UCSD Logo For Printing UCSD Logo
 
Resources
Quick Links

A Sampling of Clips for September 2, 2011

* UCSD faculty and staff may obtain a copy of an article by e-mailing the University Communications Office

The Math Gender Gap: Nurture Trumps Nature
Time magazine, Aug. 30 – Rural India might not seem a likely place to study the roots of gender differences in math performance. But a new study of two tribes living in the northeast of the country offers intriguing evidence that biology alone does not determine women's math aptitude (or lack thereof, as former Harvard President Lawrence Summers once infamously suggested) and that culture has a lot to do with the differences between the genders. The study was led by Moshe Hoffman, a postdoctoral fellow at the University of California, San Diego and Uri Gneez, a professor in the UC San Diego Rady School of Management. More

Similar stories 
Discover Magazine, Aug. 30
LiveScience, Aug. 30
The Scientist, Aug. 29
Science News, Aug. 29

Hurricane Irene Sea Foam Wasn’t Sewage, Ocean City Official Ways
Washington Post, Sept. 1 -- A clip of a local TV reporter being coated from head to toe in goopy, green-brown froth during a live report from Ocean City during Hurricane Irene rippled around the Internet this week, accompanied by reports that the “sea foam” was windblown ocean water mixed with . . . raw sewage. Even David Letterman weighed in with a Top Ten list about the incident. With an eye toward preserving the town’s reputation, officials in Ocean City have spent the better part of the week insisting otherwise and demanding that the media correct reports about the episode. (Includes comment by marine biologist Elizabeth Venrick of UCSD’s Scripps Institution of Oceanography.) More

Politics Overtaking Science in Global Warming Debate
Voice of America, Aug. 31 -- Polls in recent years show that fewer Americans believe global warming is a threat or that it is driven by human activities. That’s despite consensus among scientists that climate change is not only very real, but also that it is caused largely by the burning of fossil fuels in cars, trucks and power plants. University of California history professor Naomi Oreskes explores why so many Americans are mistrustful of science in "Merchants of Doubt," a book she co-authored with science historian Erik Conway. More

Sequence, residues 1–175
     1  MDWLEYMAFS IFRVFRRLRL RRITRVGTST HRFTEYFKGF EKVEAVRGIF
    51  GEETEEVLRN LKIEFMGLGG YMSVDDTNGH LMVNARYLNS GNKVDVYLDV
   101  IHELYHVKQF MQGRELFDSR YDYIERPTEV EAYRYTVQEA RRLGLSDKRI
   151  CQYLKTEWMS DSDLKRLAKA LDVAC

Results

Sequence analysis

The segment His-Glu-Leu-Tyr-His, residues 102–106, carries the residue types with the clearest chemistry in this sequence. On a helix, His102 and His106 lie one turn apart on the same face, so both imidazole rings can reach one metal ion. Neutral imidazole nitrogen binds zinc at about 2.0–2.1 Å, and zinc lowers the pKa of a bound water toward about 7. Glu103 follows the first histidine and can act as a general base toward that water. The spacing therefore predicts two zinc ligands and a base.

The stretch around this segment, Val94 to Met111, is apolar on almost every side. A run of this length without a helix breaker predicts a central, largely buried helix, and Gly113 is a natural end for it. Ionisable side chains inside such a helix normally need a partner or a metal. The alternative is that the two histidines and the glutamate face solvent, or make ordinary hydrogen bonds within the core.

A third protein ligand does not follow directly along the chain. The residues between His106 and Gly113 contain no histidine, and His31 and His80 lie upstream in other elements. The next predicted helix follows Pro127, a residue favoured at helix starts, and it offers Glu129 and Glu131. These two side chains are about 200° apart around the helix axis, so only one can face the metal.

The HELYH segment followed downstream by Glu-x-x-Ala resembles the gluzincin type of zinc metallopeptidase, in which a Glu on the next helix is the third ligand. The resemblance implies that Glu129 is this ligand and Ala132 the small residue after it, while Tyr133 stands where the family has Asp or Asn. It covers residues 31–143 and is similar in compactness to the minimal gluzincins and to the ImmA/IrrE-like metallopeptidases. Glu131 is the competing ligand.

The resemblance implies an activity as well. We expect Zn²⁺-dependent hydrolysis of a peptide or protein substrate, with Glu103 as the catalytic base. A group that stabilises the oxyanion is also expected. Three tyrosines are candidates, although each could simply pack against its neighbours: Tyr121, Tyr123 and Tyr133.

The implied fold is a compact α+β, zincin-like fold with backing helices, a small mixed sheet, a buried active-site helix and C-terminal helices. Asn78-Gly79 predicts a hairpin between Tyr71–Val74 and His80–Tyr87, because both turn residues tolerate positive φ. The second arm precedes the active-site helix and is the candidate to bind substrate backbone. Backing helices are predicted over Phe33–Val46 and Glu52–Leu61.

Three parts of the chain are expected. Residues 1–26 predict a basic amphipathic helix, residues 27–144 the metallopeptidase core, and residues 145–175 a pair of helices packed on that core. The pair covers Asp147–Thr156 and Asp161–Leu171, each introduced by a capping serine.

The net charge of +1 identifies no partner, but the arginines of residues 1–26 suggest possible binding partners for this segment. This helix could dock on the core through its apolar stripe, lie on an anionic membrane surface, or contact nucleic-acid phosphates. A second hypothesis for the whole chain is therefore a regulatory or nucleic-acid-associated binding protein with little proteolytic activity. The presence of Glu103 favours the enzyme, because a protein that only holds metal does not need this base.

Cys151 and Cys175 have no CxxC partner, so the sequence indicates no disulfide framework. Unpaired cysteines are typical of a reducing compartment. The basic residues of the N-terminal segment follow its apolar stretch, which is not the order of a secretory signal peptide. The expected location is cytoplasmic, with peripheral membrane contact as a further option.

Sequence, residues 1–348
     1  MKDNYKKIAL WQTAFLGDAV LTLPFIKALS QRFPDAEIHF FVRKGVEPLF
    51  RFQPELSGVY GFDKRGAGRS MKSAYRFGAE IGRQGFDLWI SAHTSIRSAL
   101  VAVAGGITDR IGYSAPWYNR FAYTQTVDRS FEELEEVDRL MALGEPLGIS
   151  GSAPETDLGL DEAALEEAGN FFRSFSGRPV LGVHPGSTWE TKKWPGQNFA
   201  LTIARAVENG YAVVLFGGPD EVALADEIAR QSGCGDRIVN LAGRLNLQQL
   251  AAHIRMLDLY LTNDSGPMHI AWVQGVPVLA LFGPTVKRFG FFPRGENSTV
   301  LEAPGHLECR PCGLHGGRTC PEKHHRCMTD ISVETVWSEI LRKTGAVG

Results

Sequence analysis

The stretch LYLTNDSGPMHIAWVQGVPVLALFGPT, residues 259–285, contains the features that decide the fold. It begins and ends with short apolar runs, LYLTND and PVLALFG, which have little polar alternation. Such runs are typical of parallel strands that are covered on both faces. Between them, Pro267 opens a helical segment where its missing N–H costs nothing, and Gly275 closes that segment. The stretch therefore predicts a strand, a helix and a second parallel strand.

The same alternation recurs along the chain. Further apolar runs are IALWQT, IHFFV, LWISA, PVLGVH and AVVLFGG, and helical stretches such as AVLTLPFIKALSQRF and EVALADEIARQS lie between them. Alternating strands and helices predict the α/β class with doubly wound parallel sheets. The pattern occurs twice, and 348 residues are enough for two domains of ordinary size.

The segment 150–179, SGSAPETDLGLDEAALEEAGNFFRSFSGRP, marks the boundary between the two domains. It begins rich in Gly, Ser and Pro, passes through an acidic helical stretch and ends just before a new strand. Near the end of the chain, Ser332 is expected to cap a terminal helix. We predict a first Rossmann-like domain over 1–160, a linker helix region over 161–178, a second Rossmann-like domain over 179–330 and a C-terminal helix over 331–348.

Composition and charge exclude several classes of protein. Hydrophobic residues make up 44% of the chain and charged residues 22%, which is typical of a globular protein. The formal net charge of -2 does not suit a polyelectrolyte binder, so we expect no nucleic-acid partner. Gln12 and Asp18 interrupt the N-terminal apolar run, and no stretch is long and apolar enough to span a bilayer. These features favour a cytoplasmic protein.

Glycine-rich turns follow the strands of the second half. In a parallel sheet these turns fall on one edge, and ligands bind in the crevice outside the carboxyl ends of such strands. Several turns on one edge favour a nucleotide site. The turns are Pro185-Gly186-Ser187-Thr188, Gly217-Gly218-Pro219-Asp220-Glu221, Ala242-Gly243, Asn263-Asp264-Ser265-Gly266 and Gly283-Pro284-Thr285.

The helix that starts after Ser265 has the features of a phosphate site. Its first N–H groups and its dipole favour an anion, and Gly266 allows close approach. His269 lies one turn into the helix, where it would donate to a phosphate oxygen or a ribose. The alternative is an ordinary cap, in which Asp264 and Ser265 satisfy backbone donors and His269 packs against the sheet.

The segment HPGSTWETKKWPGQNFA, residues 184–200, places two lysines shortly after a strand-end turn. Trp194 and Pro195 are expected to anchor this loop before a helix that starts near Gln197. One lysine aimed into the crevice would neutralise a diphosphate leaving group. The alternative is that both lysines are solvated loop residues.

PINs Not So Personal: Study
NBCSanDiego, Sept. 1 -- When you go to the ATM, you probably cover up your PIN in some way, so that no one can take a video of you punching it in. However, new research suggests that it may take more than a cover-up to protect your PIN. Researchers from UCSD used an infrared camera to see the pin numbers pushed into the keypad. The keys still had the heat of the user’s fingers a minute after the user left. When used within a minute after the transactions, researchers were able to identify the numbers 80 percent of the time. More

Similar story
Economic Times,  Sept. 2
ABC7, Sept. 1

Glowing, Blinking Bacteria Reveal How Cells Synchronize Biological Clocks
PhysOrg.com, Sept. 1 -- Biologists have long known that organisms from bacteria to humans use the 24 hour cycle of light and darkness to set their biological clocks. But exactly how these clocks are synchronized at the molecular level to perform the interactions within a population of cells that depend on the precise timing of circadian rhythms is less well understood. To better understand that process, biologists and bioengineers at UC San Diego created a model biological system consisting of glowing, blinking E. coli bacteria. This simple circadian system, the researchers report in the September 2 issue of Science, allowed them to study in detail how a population of cells synchronizes their biological clocks and enabled the researchers for the first time to describe this process mathematically. More

UCSD’s Best Football Team
San Diego Reader, Aug. 31 -- Mayor Jerry Sanders and other local pols seeking a hint about how much longer the Chargers intend to continue playing in San Diego might do well to take a look at a sponsorship deal cemented earlier this year between the team and the University of California San Diego Health Sciences division. More

UCSD Builds Knowledge Exchange Corridors to Connect to Community
La Jolla Light, Aug. 31 -- UCSD sits perched high atop a lofty hill overlooking the town of La Jolla. But has UCSD become an ivory tower, aloof and detached from the communities below it with very little in the way of structures that allow for the free flow of information, knowledge, and creative intelligence from the community to the university and back? Professor Teddy Cruz of the UCSD Visual Arts Department and Professor Michael Cole of Communications both think so and they are trying to do something about it. They’ve put together a pilot project called “Knowledge Exchange Corridors: The UCSD Community Stations Initiative.” The aim of the program is to revitalize the university’s commitment to community service through the installation of pipelines for information flow between the campus and surrounding communities. More

UCSD Team Leads Search For Lost Da Vinci Painting
10News, Aug. 31 -- A team led by scientists at UC San Diego is attempting to locate a lost masterpiece painted by Leonardo Da Vinci. The 12 by 15-foot mural "The Battle of Anghiari" is called Leonardo Da Vinci's masterpiece by many. The mural has been missing for almost four and half centuries but its location could soon be uncovered. More

 


 


* Subscribe with In the News and receive our clips automatically

Terms and Conditions of Use